When a request for a lookup key is recieved by Jerakia, it first performs a lookup against the schema.   It currently uses the in built file datasource to perform a separate lookup, but the source of data read by this lookup is different to the main lookup.  By default, Jerakia will search for a JSON (or YAML) file with a name corresponding to the namespace of the request in /var/lib/jerakia/schema.  Within this JSON document it searches for the key corresponding to the lookup key requested.  The data returned can override the lookup behaviour.  For example;

The above example will override a lookup for the key sysadmins in the namespace accounts (accounts::sysadmins) to be a cascading search merging the results into an array (just like hiera_array())

The big advantage here is that this data is separated from our actual configuration data, which could be in a YAML file structure, database, REST API endpoint…etc.

Using schema aliases

Another feature of schemas is the ability to create pseudo keys and namespaces that can be looked up and mapped to other keys within the data.   Schemas have the ability to override the namespace and key part of a request on the fly.  As a very hypothetical example, let’s say you have an array of domains in your data defined as webserver::domains eg:

If you need the same data to populate the vhosts parameter of a class called apache you could simply alias this in the schema rather than declaring the data twice or performing lookups from within Puppet…

The above schema entry will mean that lookups for apache::vhosts and webserver::domains will return the same data set.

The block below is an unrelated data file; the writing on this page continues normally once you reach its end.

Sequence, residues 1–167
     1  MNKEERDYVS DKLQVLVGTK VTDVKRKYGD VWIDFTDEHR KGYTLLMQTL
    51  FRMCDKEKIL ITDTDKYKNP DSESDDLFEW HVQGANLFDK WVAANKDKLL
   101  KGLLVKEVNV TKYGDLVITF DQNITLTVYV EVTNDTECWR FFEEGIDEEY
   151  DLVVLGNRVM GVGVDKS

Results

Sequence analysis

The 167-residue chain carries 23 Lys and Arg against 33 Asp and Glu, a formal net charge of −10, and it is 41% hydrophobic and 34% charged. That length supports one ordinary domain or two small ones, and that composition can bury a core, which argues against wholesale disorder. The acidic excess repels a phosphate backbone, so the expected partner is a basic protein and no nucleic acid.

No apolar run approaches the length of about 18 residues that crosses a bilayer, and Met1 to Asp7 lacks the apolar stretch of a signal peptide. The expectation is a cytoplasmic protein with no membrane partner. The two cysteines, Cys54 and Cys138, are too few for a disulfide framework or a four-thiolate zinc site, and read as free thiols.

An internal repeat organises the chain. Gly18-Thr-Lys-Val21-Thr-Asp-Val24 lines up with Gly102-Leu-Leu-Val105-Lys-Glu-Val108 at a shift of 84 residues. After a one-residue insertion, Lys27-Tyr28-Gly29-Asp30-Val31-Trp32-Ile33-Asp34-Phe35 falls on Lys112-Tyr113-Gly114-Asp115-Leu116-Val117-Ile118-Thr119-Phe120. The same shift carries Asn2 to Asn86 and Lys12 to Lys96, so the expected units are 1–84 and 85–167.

You can also use a combination of aliases and lookup overrides to declare a  psuedo key to lookup data in a different way.

Here we have created two pseudo keys, security::firewall_rules and security::all_firewall_rules, both of which alias to the firewalld::rich_rules data set but will be looked up in different ways.  The security namespace itself may not even exist in the actual data set.

Future plans for schemas

The current implementation of schemas is fairly basic.  I see this as being quite a fundamental part of Jerakia in the future and it’s an area that could see functionality such as sub-lookups, views and even light “stored procedure” type functions to add some powerful functionality to data lookups whilst keeping the actual source of data in it’s purest form thus not stifling innovation of data source back ends.

Although currently limited to searching JSON or YAML files, schema searches are actually done with Jerakia lookups, the same functionality that does a regular lookup, so it should be trivial to allow users a lot more flexibility in how schema searches are done by using custom data sources and policies in future releases.

Want to know more?

Check out the Jerakia docs for how to configure the behaviour of schemas and more on how to use them.

Next up…

Puppet 4.0 delivered some great new functionality around data lookups, including environment data providers and the internal lookup functions that I feel will go really well with Jerakia.  I’m currently working on integration examples and a new environment data provider for Jerakia that will be available soon.



2 thoughts on “Using data schemas with Jerakia 0.5”

  1. Hi Craig, Thanks for nice explanation about Jerakia’s schemas. I found some parts a bit confusing though:

    1. In the text after the first example code (accounts.json) I think the names of the namespace and key are mixed up. i.e. accounts::sysadmin instead of sysadmin::accounts

    2. In the example code of aliases (apache.json) it should probably say key: “domains” not “vhosts”.